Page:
Several of Mogoi’s trans patients are now planning to leave the state. Still others, she said, are so scared of the harassment they could face if they do comply that they’re considering halting their transition.
Mogoi said most of her patients who decide to detransition still identify as transgender, but stop their transitions for external reasons. Some lose their jobs or health insurance and can’t afford to continue treatment. Others find it too difficult to deal with discrimination in their daily lives.
“This is another one of those situations where that may become something people have to do,” she said, “not because somebody doesn’t identify as transgender, but because they’re not safe to be trans.”
That’s something that’s already crossed Dakota Meadows’ mind. He has known he’s a trans man for years now and has already socially transitioned, but he’s had to postpone medically transitioning due to the cost.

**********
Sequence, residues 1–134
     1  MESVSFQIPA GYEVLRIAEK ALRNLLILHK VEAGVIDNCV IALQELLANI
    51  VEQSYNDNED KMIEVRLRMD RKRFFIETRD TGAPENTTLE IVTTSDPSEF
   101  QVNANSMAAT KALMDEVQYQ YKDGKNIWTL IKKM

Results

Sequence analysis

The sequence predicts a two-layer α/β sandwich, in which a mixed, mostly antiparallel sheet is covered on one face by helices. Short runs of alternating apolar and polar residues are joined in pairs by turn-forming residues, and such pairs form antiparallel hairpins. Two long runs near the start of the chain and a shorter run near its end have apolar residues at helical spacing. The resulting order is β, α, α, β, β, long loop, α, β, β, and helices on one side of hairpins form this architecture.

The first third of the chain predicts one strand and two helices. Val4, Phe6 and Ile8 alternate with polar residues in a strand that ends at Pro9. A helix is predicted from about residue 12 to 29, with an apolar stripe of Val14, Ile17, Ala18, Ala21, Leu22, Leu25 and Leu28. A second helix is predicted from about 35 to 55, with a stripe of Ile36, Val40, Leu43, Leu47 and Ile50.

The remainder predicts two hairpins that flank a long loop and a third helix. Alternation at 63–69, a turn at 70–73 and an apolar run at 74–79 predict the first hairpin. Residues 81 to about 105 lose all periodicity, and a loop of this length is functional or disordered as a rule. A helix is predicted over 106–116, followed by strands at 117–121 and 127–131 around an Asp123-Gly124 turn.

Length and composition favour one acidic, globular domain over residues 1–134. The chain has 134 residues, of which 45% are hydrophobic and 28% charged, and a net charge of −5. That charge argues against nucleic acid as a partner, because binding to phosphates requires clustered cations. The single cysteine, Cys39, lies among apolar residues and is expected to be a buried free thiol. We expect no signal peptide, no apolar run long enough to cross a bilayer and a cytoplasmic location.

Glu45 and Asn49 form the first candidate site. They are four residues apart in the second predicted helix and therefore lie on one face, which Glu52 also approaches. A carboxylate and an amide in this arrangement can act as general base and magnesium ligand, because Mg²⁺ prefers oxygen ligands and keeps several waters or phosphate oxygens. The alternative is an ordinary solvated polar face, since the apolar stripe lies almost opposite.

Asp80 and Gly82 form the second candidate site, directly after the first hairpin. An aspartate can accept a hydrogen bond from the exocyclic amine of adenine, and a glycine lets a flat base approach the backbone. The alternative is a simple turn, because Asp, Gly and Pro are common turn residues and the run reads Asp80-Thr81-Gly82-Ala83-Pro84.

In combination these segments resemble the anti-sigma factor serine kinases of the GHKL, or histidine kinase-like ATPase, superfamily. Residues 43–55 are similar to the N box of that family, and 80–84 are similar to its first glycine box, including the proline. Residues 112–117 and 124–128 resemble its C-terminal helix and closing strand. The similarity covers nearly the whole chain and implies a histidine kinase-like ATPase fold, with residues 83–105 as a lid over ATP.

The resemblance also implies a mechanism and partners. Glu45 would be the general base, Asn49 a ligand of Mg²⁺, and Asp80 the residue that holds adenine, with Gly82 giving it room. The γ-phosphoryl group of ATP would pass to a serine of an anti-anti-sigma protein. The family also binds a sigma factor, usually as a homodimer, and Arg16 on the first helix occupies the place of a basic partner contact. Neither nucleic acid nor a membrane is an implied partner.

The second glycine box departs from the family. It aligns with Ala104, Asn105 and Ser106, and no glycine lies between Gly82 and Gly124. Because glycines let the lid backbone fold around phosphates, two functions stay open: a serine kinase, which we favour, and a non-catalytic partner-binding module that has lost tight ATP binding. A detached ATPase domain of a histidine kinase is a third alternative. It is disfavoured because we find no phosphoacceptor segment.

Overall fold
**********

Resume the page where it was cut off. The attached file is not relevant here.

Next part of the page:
Now, he worries it could be dangerous to continue presenting as a man after the Kansas law takes effect, forcing him to use women’s bathrooms and locker rooms again.
“I fear I may have to regress my social transition soon to preserve my safety,” he said in an email. “I may never get to accomplish the transition to the me I want to be.”
The law is unusual in that it doesn’t specify any enforcement measures or create a crime for failing to comply.
That’s created broad uncertainty about how businesses, local officials and state agencies should respond, leaving trans people fumbling for signs about what they can expect once the law takes effect.
More than a dozen of the state’s largest employers and businesses — including Spirit AeroSystems, Cerner, Textron Aviation, Walmart and Koch — did not respond to questions from the Kansas News Service about how the law would affect workers and customers’ access to bathrooms and other facilities.